Tips for Matching Colors
When I explain to clients that you don’t HAVE to match colors, the often seem nervous. For those of you who like to layer many fabrics in a room and also want them to look matched, here are some tips: (click images for more info)
Matching a range is easier than matching a point.
Few materials are strictly one color. Identify the color range within each item and then compare. This illustration represents two materials. On top: the white and off white found in marble. On the bottom: an off white velvet. The velvet has a smaller range of color and is perceived more as a solid than a pattern, but the range is there. The closer the two ranges are to centering each other, the more matched they will be perceived to be. In this example, most people would accept this range as a match.
Varying threads, layered finishes, and textures create color range.
Shiny white wood trim seems brighter than satin white wood trim. Have you noticed it also seems darker in the shadows? Anything with a sheen will be perceived as having a broader range of color than a flat in the same material. All faux finishes have a range of some degree and are much easier to coordinate than flat paint. Natural materials such as stone and wood have variances in the color which makes them easy to use. Notice all components in the item you are considering. Silk fabric often has 2-5 colors of threads in the weave. The overall effect is solid, but folds of fabric produce at least three identifiable colors. Take a close look at looped carpet, chenille fabric, and other surfaces in which the texture changes. The light strikes each facet differently producing different results. Add color shift and textural shift, and you will have a very broad range to match.
Bracketing colors makes them appear to match.
Suppose you have a gorgeous rug with true red in the design but you don’t want true red in any of your furnishings. You can obviously skip the red, but look at how choosing a color on either side of red on the color wheel is a pleasing match. A wine and an orange red can feel more sophisticated especially with other non primary colors. This approach works with any color. We are very accustomed to seeing many greens together in nature, so green is especially easy to bracket.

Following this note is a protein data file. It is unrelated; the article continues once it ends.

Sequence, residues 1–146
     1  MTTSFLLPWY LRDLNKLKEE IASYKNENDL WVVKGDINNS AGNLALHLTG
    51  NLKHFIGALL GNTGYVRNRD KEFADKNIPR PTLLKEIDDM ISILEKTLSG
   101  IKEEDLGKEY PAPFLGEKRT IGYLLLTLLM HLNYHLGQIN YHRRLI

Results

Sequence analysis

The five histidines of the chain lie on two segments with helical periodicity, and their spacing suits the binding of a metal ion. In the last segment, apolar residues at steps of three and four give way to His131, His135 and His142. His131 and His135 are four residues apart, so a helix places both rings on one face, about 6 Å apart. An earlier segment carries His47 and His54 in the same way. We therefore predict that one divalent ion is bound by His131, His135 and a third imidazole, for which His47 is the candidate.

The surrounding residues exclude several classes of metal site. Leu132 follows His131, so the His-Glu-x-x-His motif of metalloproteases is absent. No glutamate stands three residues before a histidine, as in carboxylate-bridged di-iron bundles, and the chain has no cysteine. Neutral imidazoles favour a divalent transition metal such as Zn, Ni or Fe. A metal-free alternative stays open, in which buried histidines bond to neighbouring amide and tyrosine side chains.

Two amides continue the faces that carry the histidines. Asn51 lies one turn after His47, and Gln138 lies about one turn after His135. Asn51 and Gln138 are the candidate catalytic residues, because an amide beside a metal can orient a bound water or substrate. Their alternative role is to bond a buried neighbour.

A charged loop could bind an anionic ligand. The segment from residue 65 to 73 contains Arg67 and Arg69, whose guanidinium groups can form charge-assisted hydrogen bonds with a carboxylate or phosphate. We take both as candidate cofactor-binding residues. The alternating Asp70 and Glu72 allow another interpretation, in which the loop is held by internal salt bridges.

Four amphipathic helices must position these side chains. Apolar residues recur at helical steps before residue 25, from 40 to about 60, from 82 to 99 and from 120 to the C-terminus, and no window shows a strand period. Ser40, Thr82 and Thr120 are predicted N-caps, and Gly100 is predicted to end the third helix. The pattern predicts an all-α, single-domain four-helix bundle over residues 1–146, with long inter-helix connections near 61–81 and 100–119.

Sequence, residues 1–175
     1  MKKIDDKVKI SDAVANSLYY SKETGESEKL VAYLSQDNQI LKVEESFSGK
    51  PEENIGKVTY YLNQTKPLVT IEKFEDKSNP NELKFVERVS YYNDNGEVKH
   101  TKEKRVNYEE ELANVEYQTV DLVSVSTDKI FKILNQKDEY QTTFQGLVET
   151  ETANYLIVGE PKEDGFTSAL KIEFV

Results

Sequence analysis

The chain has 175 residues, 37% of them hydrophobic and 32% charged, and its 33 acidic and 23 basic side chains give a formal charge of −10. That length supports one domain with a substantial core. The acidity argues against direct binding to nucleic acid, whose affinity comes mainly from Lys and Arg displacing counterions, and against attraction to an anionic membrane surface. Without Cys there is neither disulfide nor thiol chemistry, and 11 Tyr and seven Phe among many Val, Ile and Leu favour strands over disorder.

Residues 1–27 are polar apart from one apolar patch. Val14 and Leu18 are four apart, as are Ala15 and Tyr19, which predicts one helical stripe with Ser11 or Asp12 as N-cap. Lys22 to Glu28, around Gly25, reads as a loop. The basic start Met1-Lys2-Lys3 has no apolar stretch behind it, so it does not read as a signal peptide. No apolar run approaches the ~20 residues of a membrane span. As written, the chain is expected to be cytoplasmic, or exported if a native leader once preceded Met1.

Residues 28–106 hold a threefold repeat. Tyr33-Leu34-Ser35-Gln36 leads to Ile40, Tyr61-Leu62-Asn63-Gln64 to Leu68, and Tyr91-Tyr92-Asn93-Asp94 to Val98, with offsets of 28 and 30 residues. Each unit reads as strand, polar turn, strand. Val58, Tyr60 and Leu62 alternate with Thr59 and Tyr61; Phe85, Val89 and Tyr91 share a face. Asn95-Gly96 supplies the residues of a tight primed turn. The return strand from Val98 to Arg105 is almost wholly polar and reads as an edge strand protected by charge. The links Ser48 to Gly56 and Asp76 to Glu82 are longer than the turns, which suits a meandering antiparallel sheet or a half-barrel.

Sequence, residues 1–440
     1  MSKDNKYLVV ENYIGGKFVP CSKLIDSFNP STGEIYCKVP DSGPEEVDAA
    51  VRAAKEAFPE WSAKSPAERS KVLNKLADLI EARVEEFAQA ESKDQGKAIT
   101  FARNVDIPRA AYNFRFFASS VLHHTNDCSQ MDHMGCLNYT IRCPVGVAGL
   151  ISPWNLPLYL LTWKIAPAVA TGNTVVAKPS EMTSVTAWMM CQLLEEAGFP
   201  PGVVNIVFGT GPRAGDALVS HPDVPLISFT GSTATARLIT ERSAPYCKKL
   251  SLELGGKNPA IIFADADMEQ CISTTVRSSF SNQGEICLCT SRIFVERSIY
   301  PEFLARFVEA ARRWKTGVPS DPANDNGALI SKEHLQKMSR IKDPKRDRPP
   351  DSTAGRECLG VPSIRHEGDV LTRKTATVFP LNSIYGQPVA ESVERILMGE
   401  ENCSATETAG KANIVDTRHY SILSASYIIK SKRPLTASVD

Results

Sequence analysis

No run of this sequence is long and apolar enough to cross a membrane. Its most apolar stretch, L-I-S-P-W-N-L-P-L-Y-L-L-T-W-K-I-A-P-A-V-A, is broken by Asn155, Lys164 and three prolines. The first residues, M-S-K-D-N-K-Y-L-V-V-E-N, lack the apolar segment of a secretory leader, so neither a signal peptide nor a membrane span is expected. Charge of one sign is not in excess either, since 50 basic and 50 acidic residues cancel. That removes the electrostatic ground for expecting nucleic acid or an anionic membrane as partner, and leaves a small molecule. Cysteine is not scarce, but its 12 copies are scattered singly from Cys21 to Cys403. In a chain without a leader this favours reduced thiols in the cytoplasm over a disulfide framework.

Choose elements with a common undertone or overtone.
Have you ever seen a collection of fabric, paint, or wall covering which seems to have a common cloudiness, earthiness, sun kissed look? In paint, a common murky base may literally be waiting for pigments to be added. Identify the tinting factor in a color and make sure it is in companion colors. To the left three colors have a foggy tone. In the rug shown, all colors have a sunny gold overtone. Here are some pairs to help you see the concept. Raisin and olive (similar brown grey tone) Chocolate and Lime (clear and rich) Chestnut and Celery (golden).
Pinpoint Color to emphasize your favorite
Suppose a textile has a chocolate background and a range of blue greens with grey tones. When you like a particular hue or tone best, bring it out in other elements of the room. This way, the color is immediately identified and the harmonious similar colors will blend in quietly. When we wanted an easy match, we went for a range of color. Here we strike an exacting color to stand out. This technique works for any design element with color.
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Trends & Traditions / Design Nashville